Implement Participatory Interventions
Conditioned by a fast-food culture that sells as many identical hamburgers as possible, Christians tend to approach low-income communities in a “blueprint” fashion. We conceive of problems and solutions in boardrooms and missions committee meetings and then go out and impose those solutions on low-income communities in a cookie-cutter fashion on as large a scale as possible. By failing to take into account the particularities of each cultural setting, this approach has resulted in failed attempts at development all over the world during the post-WW II era. More importantly, this approach perpetuates a devastating message from the economically non-poor to the economically poor, “We have all the answers. We have all the know-how. We are here to save you!” Again, both parties become poorer in the process. In contrast, participatory approaches to development include the economically poor in the conceptualization, design, execution, and evaluation of any intervention. The inherent assumption is that the economically poor have knowledge, insights, and abilities to be stewards over their own communities, all of which need to be respected by the economically non-poor.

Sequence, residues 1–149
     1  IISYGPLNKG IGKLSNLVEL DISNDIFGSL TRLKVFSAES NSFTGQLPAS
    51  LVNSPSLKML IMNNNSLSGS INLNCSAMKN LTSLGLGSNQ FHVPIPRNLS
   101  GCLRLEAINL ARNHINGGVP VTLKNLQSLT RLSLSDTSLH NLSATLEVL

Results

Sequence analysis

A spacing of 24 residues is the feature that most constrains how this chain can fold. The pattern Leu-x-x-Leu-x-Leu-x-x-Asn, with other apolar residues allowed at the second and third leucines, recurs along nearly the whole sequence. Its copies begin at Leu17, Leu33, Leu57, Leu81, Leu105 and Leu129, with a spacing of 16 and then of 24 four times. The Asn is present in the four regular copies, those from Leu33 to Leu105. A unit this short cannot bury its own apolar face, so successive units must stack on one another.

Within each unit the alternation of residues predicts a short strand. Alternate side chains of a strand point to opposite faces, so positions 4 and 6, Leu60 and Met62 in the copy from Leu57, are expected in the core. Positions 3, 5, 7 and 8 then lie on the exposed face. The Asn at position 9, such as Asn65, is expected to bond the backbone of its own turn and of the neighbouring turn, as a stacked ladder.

Successful poverty alleviation is about walking with people in such a way that both they and we experience Christ's reconciliation of our relationships with God, self, others, and creation. In this perspective, poverty alleviation becomes less about money and more about building relationships. It becomes less about products and more about the processes pursued. It becomes less about doing something to them and more about being with them. All of this takes more time than most of us are willing to spend and requires a far more nuanced use of money than is commonly understood by churches.
For more on a participatory approach, refer to the article “A Participatory Party in Mozambique” found in Issue #2 of the 2008 edition of Mandate.